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The GET THRASHED journey begins in the early 80s, where Metallica and several other bands laid the groundwork for what would become a lasting impression on the face of heavy metal music. These bands helped ignite local scenes in Los Angeles, the Bay area of California and New York City, which helped fuel a worldwide thrash metal movement. By the dawn of the 1990's, thrash bands had gone from playing backyard barbeque parties to headlining arenas and Metallica were on their way to becoming one of the biggest metal acts of all time. But as legions of headbanging, stage diving and moshing metalheads were flocking to see their favorite bands, the tides had begun to change. In the early 1990's, a changing musical landscape sent thrash spiraling back into the underground. Some of the musicians passed away, some returned to their day jobs and some bands broke up. While the music lived on, the scene was forever changed. Get Thrashed traces the rise, fall and impact of thrash metal; from its ... Written by
A fun, occasionally amusing documentary. However, there are some things that have to be set straight here.
First of all, the predictable old cliché of talking about the "Big Four", which somehow always annoyed me. (What is music? A sport? Are these four in the semifinals of some grand hypothetical thrash-band tournament?) Metallica and Slayer were/are extremely influential, hence their places in the "four" aren't questioned. Megadeth is a great, inventive band, too, but Anthrax was never even close to reaching the quality of the other three. If commercial success is the main basis in deciding who's "up there", then that's rather daft. Ian, one of the best rhythm guitar players, and Benante, a terrific drummer, certainly played a major role in the development of crossover with S.O.D., but Anthrax was rarely much more than a joke thrash band - that later developed into some laughable metal-grunge hybrid thanks to Ian's cash-lust i.e. his persistence in following trends. Their debut album was pitiful, more like a typically dull heavy metal album, and the vastly overrated "Among The Living" has some good riffs but also some rather cheesy pop-like singing as that absolutely awful vomit-inducing chorus in "Indians". They wrote some great songs, most of which are on STD, but none of their albums are classics. I could give a rat's ass about their supposed "pioneering" in creating "rap metal", with those talentless clowns Public Enemy.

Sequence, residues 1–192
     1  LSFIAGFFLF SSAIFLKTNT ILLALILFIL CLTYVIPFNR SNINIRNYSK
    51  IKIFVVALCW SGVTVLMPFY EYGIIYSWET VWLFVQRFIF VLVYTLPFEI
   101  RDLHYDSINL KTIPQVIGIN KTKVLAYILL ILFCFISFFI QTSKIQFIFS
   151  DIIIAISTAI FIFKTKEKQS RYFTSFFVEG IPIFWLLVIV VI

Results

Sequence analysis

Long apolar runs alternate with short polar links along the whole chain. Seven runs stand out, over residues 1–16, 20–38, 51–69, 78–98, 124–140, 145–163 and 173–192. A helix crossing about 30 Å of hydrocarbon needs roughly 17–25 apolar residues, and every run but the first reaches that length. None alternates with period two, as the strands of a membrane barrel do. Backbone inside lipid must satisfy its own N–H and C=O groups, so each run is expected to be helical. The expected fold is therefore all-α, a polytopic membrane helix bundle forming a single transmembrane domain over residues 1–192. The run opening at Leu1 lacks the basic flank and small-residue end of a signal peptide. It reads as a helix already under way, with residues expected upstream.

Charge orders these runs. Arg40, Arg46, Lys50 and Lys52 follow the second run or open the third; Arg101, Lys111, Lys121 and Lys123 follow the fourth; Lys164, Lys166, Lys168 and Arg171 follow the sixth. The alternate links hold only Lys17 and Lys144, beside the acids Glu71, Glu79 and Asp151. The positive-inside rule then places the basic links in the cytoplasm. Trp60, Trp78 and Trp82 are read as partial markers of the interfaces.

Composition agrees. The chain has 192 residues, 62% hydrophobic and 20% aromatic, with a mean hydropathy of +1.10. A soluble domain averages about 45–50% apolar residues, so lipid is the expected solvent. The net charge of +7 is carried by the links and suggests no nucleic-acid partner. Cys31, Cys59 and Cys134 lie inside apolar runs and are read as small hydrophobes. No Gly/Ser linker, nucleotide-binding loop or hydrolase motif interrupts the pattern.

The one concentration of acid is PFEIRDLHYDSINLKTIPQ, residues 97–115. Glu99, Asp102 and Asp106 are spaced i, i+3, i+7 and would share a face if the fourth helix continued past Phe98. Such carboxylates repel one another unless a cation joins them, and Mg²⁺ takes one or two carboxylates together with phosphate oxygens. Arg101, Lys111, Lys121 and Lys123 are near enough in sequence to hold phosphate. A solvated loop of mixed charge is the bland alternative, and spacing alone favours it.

Even worse, Overkill feature here far more prominently than they deserve, partly due to the fact that their original drummer had a lot to do with the making of this film. True, they'd been around from very early on. However, Overkill are more heavy metal than thrash, always have been, with those annoying screechy vocals. "In Union We Stand", their quasi-hymn, is so bad it could have easily been written by Manowar. Draw your swords out, kids! One person here even places Overkill in the main five thrash bands. Of course he would, he was wearing their shirt during the interview...